Birth partner – Hubby
Phone Numbers: Mobile: xxx / Work: xxx
Environment – xxx Birthing Centre
The presence of a student midwife is welcome.
Pain relief – water. Gas and air (Entonox) if I cannot go in the birthing pool straight away. Avoid Pethidine if possible.
Labour – We would like to have every procedure explained to us.
Hubby knows what kind of support I want. I will need to be reminded to eat to get energy if I get tired and mention giving up.
I would like to use the birthing pool. We would like our baby to be born in the pool. We would rather have our baby’s heartbeat monitored every fifteen minutes by a handheld monitor, rather than being connected to a machine that monitors our baby continually. I would rather not have to get out of the pool for monitoring.
I would prefer not to have an episiotomy.
I would like to lift our baby out of the water myself, and keep her with us at all times.
We would both like skin-to-skin contact as soon as possible after the birth.
Hubby is not sure whether he wants to cut the cord or not. Please check with him. We do not want the cord cut until it has stopped pulsing.
Delivery of the placenta: We would prefer a natural (physiological) third stage of labour, in water if possible. I would rather not be given the injection to make the placenta come quicker. I will start breastfeeding our baby to stimulate contractions.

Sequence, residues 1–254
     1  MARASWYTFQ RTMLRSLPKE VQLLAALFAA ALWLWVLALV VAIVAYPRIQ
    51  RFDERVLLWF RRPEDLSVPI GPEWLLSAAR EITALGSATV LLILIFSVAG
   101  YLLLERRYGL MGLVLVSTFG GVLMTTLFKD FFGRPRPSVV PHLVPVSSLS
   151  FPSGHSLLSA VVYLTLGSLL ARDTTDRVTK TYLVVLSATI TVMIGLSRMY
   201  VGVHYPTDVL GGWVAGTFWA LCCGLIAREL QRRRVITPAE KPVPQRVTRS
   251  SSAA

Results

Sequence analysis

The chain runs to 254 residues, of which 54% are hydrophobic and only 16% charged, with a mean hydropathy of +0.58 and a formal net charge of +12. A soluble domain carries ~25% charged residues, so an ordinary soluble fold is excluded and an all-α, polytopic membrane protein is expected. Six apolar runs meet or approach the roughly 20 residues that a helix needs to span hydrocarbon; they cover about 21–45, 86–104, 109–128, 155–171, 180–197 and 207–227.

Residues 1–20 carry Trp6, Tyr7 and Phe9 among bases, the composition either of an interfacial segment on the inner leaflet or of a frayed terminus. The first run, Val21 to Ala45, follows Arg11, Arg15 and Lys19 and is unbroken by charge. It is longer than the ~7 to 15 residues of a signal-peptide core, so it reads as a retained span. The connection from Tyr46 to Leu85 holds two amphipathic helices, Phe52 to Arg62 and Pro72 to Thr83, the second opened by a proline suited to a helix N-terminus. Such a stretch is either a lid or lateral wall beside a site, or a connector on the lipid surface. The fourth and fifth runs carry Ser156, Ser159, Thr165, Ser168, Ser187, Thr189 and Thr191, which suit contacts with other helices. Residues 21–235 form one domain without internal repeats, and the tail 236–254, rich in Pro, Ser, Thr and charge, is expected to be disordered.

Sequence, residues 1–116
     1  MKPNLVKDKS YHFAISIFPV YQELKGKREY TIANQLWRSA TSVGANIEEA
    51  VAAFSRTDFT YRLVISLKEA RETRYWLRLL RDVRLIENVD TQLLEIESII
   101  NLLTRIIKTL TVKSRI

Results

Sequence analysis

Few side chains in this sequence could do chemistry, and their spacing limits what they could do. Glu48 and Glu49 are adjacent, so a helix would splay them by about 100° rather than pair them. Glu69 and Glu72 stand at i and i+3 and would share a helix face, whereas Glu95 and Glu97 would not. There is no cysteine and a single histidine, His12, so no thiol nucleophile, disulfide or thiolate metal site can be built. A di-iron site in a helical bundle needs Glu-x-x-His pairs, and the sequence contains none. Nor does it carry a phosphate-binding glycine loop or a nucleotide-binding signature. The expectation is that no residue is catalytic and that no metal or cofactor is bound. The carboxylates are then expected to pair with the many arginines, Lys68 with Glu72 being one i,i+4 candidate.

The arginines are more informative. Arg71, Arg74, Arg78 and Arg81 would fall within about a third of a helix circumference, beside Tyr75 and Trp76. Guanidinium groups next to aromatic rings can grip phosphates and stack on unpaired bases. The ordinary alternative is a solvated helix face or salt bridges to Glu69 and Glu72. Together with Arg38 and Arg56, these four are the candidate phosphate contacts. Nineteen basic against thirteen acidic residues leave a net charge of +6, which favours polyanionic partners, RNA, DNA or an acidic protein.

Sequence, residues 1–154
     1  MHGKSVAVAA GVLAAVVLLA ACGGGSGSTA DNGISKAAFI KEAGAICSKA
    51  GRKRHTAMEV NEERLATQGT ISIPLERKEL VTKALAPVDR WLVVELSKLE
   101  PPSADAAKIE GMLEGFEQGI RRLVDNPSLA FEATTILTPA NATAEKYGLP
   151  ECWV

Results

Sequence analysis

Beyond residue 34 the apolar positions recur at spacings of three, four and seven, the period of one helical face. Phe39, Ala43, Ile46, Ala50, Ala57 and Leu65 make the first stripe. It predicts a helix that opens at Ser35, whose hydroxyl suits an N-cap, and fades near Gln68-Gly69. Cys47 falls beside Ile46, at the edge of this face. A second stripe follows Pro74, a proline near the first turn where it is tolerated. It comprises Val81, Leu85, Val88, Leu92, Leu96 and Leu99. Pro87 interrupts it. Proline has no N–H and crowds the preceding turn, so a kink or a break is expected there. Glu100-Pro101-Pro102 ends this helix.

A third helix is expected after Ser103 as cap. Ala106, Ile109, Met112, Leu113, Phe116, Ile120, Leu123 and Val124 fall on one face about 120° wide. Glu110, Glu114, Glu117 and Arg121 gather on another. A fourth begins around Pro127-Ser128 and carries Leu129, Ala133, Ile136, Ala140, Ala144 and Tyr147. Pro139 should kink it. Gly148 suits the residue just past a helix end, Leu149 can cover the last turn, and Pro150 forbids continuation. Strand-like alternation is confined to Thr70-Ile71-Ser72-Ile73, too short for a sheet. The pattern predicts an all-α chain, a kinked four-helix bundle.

I breastfed Crevette, Beanie & Jumpy and wish to breastfeed our new baby. Please help me with positioning if need be as I want to make sure she latches on properly.
None of our babies received the Vitamin K injection.
I would rather not have stitches. If stitches cannot be avoided, I would like an experienced midwife to be in charge.
If I have to transfer to the postnatal ward, please let my husband come with me. I do not want to be separated from him. We want to keep our baby with us at all times.
I would like a copy of the notes taken during labour please.
Thank you for all your help.
I have a second birth plan just in case we have to go to hospital rather than a birthing unit.
Here are the couple of extra details it includes:
Environment – xxx Hospital
I would rather not have a caesarean section, but I would consider it if you judged it necessary. If I need a C-section, I would like to hold my baby straight afterwards. Should I not be able to hold our baby I would like hubby to hold her immediately. I would like time alone with my husband and baby before I am transferred to the postnatal ward.
Cord Blood (NHS) – We are happy to donate our cord blood.
Here are some additional suggestions from readers you might want to include in your own birth plan:
- My baby can receive the Vitamin K injection.
- I do not want my baby to be given the Vitamin K injection.
- I would rather not have any pain relief.
- State pain relief you would be happy to receive in hospital.
- I give consent for medical students to help during delivery.
- Do not tell me it is a good thing if it hurts!
Sara, who blogs at Mum Turned Mom, also pointed out that it is important to accept the fact that the delivery will be what it needs to be and not to be disappointed if it is not what you imagined.
Is there anything else you think I should have included? Let me know in the comments section.